About Virtual Local Area Networks (VLANs)
An 802.1Q VLAN (virtual local area network) is a collection of computers on a LAN or LANs that are grouped together in a single broadcast domain, independent of their physical location. This enables you to group devices according to traffic patterns, instead of physical proximity. Members of a VLAN can share resources as if they were connected to the same LAN. You can also use VLANs to split a switch into multiple segments. For example, suppose your company has full-time employees and contract workers on the same LAN. If you want to restrict contract employees to a subset of the resources used by full-time employees, and use a stricter security policy for the contract workers, you can split the interface into two VLANs.
VLANs enable you to divide your network into groups with a logical, hierarchical structure or grouping instead of a physical one. This helps free IT staff from the restrictions of their existing network design and cable infrastructure. VLANs make it easier to design, implement, and manage your network. Because VLANs are software-based, you can quickly and easily adapt your network to additions, relocations, and reorganizations.
VLANs use bridges and switches, so broadcasts are more efficient because they go only to people in the VLAN, not everyone on the wire. Consequently, traffic across your routers is reduced, which means a reduction in router latency. You can configure your Firebox to act as a DHCP server for devices on the VLAN, or use DHCP relay with a separate DHCP server.
You assign a VLAN to the Trusted, Optional, or External security zone. VLAN security zones correspond to aliases for interface security zones. For example, VLANs of type Trusted are managed by policies that use the alias Any-Trusted as a source or destination. VLANs of type External appear in the list of external interfaces when you configure policy-based routing.
VLAN Requirements and Restrictions
- In Fireware v11.12.2 and higher, Spanning Tree Protocol is supported for some VLAN configurations.
For more information about Spanning Tree Protocol support for VLANs, see About Spanning Tree Protocol.
- If your Firebox is configured in drop-in mode, you cannot use VLANs.
- A VLAN interface can send and received untagged traffic for only one trusted or optional VLAN.
For example, if a VLAN interface is configured to send and receive untagged traffic for VLAN-10, it cannot also send and receive VLAN traffic for any other untagged VLAN at the same time.
- A VLAN interface cannot send and receive untagged traffic for an external VLAN.
- A VLAN interface configured to send and receive tagged traffic for an external VLAN cannot also send and receive traffic for a trusted, optional, or custom VLAN.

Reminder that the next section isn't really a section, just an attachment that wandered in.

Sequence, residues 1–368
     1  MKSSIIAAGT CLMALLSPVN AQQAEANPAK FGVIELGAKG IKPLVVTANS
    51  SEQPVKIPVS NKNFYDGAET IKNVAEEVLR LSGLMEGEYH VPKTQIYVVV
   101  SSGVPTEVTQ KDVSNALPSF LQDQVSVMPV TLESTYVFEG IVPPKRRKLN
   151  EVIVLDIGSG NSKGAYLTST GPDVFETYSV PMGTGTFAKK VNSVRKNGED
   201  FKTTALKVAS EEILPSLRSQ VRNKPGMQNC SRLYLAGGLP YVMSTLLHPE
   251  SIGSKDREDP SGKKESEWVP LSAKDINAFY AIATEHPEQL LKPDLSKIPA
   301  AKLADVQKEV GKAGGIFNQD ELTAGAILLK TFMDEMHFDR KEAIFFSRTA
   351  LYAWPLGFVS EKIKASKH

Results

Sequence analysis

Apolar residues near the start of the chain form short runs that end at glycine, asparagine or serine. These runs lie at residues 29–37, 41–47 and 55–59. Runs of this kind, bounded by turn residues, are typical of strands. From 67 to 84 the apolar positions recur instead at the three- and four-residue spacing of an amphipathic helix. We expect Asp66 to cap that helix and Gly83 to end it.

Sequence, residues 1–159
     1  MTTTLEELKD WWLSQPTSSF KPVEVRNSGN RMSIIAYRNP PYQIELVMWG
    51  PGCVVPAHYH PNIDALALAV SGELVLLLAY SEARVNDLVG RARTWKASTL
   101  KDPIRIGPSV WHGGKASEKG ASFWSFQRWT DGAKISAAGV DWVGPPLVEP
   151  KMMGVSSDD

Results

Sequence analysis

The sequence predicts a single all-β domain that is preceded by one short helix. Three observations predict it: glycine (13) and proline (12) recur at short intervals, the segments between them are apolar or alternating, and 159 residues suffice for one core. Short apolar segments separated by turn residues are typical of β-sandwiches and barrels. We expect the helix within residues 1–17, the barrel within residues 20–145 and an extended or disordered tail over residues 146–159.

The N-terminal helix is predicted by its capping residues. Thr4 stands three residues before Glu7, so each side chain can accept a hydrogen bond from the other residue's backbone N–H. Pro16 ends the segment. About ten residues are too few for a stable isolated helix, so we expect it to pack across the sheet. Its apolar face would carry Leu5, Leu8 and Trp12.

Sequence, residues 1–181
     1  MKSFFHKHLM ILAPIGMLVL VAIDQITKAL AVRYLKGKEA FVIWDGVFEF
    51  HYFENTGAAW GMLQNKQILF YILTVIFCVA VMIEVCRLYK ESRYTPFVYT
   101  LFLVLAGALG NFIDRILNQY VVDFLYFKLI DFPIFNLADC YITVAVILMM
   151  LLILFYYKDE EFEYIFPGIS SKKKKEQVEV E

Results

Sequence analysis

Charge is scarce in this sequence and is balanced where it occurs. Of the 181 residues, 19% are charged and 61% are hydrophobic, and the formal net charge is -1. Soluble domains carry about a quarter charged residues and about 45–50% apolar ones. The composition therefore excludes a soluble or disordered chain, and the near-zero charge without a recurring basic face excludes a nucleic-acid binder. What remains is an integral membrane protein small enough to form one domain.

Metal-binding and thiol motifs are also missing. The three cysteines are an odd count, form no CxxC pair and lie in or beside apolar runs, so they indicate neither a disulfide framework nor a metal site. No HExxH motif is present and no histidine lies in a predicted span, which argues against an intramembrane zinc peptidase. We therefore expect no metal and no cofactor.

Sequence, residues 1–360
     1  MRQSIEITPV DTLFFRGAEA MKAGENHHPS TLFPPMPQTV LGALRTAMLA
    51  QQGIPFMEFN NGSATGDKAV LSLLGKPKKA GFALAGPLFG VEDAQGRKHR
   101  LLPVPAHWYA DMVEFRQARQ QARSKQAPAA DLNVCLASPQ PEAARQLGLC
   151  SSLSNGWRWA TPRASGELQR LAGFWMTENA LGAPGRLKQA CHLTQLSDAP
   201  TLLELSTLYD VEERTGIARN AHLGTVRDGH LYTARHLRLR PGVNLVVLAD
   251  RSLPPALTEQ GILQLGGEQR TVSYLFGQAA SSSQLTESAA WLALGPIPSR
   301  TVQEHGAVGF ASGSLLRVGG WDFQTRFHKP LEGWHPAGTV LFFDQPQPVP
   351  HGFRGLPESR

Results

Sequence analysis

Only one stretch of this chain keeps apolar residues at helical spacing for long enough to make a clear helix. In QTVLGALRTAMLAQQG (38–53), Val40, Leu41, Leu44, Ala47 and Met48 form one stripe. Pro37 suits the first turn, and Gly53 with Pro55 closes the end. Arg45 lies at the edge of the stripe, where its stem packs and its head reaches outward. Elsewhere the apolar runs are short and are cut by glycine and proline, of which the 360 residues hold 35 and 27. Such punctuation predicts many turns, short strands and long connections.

- Multi-WAN configuration settings are applied to VLAN traffic, however, it can be easier to manage bandwidth when you use only physical interfaces in a multi-WAN configuration.
- The maximum number of VLANs you can create is specified in your Firebox feature key in the Total number of VLAN interfaces value.
- We recommend that you do not create more than 10 VLANs that operate on external interfaces. Too many VLANs on external interfaces affect performance.
- All network segments that you add to a VLAN must have IP addresses on the VLAN network.
- To use multiple VLANs on a single interface on a FireboxV or XTMv device in an ESXi environment, configure the VSwitch for the VLAN interface to use VLAN ID 4095 (All).
If you define VLANs in Fireware v11.12.1 or lower, you can ignore messages that include 802.1d unknown version. These messages occur because the WatchGuard VLAN implementation in Fireware v11.12.1 and lower does not support Spanning Tree Protocol. You might also see this message if you enable Spanning Tree Protocol for an unsupported VLAN configuration in Fireware v11.12.2 or higher.
To enable VLANs, you must deploy VLAN-capable switches in each site. The switch interfaces insert tags at layer 2 of the data frame that identify a network packet as part of a specified VLAN. These tags, which add an extra four bytes to the Ethernet header, identify that the frame belongs to a specific VLAN. Tags are specified by the IEEE 802.1Q standard.
The VLAN definition includes the disposition of tagged and untagged data frames. You must specify whether the VLAN receives tagged, untagged, or no data from each interface that is enabled. Your Firebox can insert tags for packets that are sent to a VLAN-capable switch. Your device can also remove tags from packets that are sent to a network segment that belongs to a VLAN that does not have a switch.
A Firebox interface can manage traffic for multiple tagged VLANs. This allows the interface to function as a VLAN trunk. The Firebox supports the 802.1Q standard.
About VLAN ID Numbers
By default, on most new switches that are not configured, each interface belongs to VLAN 1. Because this VLAN exists on every interface of most switches by default, the possibility exists that this VLAN can accidentally span the entire network, or at least very large portions of it.
We recommend you use a VLAN ID number that is not 1 for any VLAN that passes traffic to the Firebox.